Jesus spoke this parable to his disciples: ‘The kingdom of Heaven is like a man on his way abroad who summoned his servants and entrusted his property to them. To one he gave five talents, to another two, to a third one; each in proportion to his ability. Then he set out.
‘The man who had received the five talents promptly went and traded with them and made five more. The man who had received two made two more in the same way. But the man who had received one went off and dug a hole in the ground and hid his master’s money.
‘Now a long time after, the master of those servants came back and went through his accounts with them. The man who had received the five talents came forward bringing five more. “Sir,” he said “you entrusted me with five talents; here are five more that I have made.”
‘His master said to him, “Well done, good and faithful servant; you have shown you can be faithful in small things, I will trust you with greater; come and join in your master’s happiness.”
‘Next the man with the two talents came forward. “Sir,” he said “you entrusted me with two talents; here are two more that I have made.” His master said to him, “Well done, good and faithful servant; you have shown you can be faithful in small things, I will trust you with greater; come and join in your master’s happiness.”
‘Last came forward the man who had the one talent. “Sir,” said he “I had heard you were a hard man, reaping where you have not sown and gathering where you have not scattered; so I was afraid, and I went off and hid your talent in the ground. Here it is; it was yours, you have it back.” But his master answered him, “You wicked and lazy servant! So you knew that I reap where I have not sown and gather where I have not scattered? Well then, you should have deposited my money with the bankers, and on my return I would have recovered my capital with interest. So now, take the talent from him and give it to the man who has the five talents. For to everyone who has will be given more, and he will have more than enough; but from the man who has not, even what he has will be taken away. As for this good-for-nothing servant, throw him out into the dark, where there will be weeping and grinding of teeth.”’
Gospel for the 33rd Sunday in Ordinary Time
The Master of the parable, who reaps where he has not sown and gathering where he has not scattered, does not seem to be familiar with Scripture’s counsel against usury! Indeed the third servant’s safeguarding of the money entrusted to him was judged responsible behaviour according to the norms of the day. The other two make profit, hand over fist.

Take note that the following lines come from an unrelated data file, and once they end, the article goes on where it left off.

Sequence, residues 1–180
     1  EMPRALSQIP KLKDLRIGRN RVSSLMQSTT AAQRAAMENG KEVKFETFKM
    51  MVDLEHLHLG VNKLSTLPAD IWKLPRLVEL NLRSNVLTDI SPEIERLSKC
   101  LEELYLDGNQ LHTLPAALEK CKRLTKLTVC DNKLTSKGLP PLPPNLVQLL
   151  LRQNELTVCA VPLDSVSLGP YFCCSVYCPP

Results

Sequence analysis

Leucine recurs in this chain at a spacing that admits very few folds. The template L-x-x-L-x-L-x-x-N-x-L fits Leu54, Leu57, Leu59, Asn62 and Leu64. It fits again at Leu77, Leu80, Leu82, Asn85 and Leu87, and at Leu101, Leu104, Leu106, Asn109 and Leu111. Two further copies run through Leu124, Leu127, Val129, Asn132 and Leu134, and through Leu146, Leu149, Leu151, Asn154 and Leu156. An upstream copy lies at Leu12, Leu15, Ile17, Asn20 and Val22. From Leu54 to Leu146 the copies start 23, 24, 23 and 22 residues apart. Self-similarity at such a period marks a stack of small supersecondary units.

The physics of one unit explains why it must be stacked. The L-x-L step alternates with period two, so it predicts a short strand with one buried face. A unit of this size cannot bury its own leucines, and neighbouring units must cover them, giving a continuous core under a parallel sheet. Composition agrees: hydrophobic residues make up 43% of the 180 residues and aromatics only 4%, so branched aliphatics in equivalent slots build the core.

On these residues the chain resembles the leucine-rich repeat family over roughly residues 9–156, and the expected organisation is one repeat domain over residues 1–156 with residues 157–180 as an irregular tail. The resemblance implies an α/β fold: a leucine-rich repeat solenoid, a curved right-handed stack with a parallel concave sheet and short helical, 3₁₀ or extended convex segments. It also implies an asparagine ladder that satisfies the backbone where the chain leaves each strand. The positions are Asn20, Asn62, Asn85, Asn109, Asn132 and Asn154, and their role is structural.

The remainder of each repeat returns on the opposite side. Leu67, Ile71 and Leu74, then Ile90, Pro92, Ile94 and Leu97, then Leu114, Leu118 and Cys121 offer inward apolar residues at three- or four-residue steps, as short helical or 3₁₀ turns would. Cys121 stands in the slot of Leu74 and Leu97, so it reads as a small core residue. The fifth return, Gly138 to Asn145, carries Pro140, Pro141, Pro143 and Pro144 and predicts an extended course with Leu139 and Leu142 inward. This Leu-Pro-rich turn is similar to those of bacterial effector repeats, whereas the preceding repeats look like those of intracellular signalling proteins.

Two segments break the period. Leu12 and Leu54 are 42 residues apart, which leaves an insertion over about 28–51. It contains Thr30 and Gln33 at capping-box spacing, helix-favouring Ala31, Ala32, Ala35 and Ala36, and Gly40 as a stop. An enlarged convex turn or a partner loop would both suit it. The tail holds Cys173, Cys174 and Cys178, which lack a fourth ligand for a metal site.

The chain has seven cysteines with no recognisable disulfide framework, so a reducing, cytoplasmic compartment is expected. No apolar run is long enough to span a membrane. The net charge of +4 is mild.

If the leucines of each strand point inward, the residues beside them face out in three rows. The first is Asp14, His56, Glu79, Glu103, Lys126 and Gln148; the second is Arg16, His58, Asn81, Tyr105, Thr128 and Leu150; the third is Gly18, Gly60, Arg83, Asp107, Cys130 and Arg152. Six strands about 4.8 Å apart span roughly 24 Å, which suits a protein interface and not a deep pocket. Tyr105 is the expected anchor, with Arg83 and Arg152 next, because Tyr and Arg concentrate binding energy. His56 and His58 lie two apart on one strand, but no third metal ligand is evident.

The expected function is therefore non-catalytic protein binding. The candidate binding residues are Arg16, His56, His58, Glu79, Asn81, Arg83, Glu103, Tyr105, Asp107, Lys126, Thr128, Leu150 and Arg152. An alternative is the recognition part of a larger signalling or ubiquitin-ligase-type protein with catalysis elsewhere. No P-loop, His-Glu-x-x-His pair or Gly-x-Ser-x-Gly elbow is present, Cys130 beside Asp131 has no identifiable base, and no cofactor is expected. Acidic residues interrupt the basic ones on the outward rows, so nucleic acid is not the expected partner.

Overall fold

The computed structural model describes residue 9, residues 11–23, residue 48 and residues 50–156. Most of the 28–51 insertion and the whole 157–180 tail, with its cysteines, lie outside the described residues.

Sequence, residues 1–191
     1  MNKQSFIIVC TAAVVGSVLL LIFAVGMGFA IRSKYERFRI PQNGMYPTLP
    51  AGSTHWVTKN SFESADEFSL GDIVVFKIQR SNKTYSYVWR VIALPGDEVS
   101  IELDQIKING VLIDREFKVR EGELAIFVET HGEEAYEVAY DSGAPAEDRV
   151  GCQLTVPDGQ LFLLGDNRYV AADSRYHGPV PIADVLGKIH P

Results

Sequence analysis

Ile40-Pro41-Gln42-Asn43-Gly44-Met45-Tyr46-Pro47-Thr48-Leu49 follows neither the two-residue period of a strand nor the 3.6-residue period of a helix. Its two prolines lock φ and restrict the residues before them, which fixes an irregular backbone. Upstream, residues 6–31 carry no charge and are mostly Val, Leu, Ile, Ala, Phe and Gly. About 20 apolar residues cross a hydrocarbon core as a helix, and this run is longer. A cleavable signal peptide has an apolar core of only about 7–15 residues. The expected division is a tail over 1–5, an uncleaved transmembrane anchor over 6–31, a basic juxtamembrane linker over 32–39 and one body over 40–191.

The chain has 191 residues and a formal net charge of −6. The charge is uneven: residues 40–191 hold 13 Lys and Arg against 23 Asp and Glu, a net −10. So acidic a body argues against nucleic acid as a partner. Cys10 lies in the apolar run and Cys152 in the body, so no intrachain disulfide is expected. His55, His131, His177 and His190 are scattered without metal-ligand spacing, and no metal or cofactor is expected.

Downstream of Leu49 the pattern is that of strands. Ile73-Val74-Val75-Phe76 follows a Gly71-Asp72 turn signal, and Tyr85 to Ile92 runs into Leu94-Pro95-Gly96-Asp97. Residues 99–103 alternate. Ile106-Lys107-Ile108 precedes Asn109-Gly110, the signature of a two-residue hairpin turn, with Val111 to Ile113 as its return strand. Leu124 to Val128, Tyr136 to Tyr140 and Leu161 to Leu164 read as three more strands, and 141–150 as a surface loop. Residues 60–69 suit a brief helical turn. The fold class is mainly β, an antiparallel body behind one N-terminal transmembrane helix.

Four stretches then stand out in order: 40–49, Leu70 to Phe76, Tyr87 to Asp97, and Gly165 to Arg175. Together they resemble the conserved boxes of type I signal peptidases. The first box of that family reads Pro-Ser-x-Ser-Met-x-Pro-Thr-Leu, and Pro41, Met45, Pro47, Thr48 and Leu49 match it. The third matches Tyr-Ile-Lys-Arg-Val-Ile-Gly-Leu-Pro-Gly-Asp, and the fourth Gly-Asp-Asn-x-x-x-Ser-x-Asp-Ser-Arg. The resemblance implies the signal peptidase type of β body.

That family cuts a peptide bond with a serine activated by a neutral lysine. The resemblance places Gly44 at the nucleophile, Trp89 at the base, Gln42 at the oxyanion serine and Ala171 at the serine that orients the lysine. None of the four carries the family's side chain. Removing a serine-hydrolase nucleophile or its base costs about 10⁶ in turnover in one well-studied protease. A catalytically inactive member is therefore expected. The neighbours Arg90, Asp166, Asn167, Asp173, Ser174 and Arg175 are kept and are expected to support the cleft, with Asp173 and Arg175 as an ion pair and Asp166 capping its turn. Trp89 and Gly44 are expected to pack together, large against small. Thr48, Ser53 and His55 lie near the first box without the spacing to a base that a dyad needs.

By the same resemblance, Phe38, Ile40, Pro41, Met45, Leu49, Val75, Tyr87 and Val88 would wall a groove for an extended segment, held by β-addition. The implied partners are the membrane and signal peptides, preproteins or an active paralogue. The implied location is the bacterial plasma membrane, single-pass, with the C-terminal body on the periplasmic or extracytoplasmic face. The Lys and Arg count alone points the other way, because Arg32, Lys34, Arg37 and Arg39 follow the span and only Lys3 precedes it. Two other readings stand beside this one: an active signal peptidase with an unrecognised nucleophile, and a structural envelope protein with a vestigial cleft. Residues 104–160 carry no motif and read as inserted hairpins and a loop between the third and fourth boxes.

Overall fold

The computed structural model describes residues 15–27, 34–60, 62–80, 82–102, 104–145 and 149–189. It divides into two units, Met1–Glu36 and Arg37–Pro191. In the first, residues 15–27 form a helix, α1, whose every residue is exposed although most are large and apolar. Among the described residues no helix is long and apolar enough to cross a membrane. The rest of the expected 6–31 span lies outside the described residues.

And yet Jesus says, this is the way the Kingdom of heaven is.
Maybe the clue is not in the finance as such but in the third servant’s representation of the Master. Does he reap what he has not sown? Gather that he has not first scattered for our gathering? Maybe, but look how generously he rewards the servants who cooperate with him? Do they cooperate with him for the common good or are they collaborating in ripping profit wherever it is available.
It probably finally comes down to whether or not we judge the Master according to servant three or his treatment of servants one and two. Are they plunderers of the common wealth, or servants of the common good? Hm….
And how does this lead us to think of our God, our Master?
Our Master does not reap where he does not sow. For every good thing, even those fostered by our efforts too, come from God. So is servant three just failing to honour and serve the loving God. Hm…
And maybe nothing suggests that the parable‘s Master is a hard man, except the third servant’s fearful and angry words, and in his willingness to reject the servant who rejects him, and fails to contribute to what (turns out to be) the common wealth and happiness. Hm…
We have a parable that does what it says on the tin: that teases our heart and mind into active thought…
- How do you use what is entrusted to you, and that has potential to contribute to the common good?
- How do you view the commands of your Master? And your Master?
Docklands, London. (c) 2009, Allen Morris.